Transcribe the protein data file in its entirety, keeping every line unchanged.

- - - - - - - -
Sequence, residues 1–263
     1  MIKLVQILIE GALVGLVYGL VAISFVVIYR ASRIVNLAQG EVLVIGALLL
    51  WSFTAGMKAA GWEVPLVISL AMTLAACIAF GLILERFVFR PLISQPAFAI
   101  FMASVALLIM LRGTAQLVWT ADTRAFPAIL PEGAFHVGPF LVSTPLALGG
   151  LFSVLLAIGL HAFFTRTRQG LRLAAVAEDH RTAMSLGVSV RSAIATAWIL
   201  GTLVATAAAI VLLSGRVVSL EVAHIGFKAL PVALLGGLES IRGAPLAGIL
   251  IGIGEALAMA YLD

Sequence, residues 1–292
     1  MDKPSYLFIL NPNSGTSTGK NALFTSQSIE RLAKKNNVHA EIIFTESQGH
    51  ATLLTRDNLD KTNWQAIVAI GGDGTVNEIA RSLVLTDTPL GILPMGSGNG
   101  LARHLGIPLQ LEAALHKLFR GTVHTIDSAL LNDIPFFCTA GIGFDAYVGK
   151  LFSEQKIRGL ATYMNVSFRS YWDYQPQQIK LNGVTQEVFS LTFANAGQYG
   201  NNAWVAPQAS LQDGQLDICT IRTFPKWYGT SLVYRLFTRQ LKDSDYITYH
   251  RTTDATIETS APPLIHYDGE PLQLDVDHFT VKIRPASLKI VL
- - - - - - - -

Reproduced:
Sequence, residues 1–263
     1  MIKLVQILIE GALVGLVYGL VAISFVVIYR ASRIVNLAQG EVLVIGALLL
    51  WSFTAGMKAA GWEVPLVISL AMTLAACIAF GLILERFVFR PLISQPAFAI
   101  FMASVALLIM LRGTAQLVWT ADTRAFPAIL PEGAFHVGPF LVSTPLALGG
   151  LFSVLLAIGL HAFFTRTRQG LRLAAVAEDH RTAMSLGVSV RSAIATAWIL
   201  GTLVATAAAI VLLSGRVVSL EVAHIGFKAL PVALLGGLES IRGAPLAGIL
   251  IGIGEALAMA YLD

Sequence, residues 1–292
     1  MDKPSYLFIL NPNSGTSTGK NALFTSQSIE RLAKKNNVHA EIIFTESQGH
    51  ATLLTRDNLD KTNWQAIVAI GGDGTVNEIA RSLVLTDTPL GILPMGSGNG
   101  LARHLGIPLQ LEAALHKLFR GTVHTIDSAL LNDIPFFCTA GIGFDAYVGK
   151  LFSEQKIRGL ATYMNVSFRS YWDYQPQQIK LNGVTQEVFS LTFANAGQYG
   201  NNAWVAPQAS LQDGQLDICT IRTFPKWYGT SLVYRLFTRQ LKDSDYITYH
   251  RTTDATIETS APPLIHYDGE PLQLDVDHFT VKIRPASLKI VL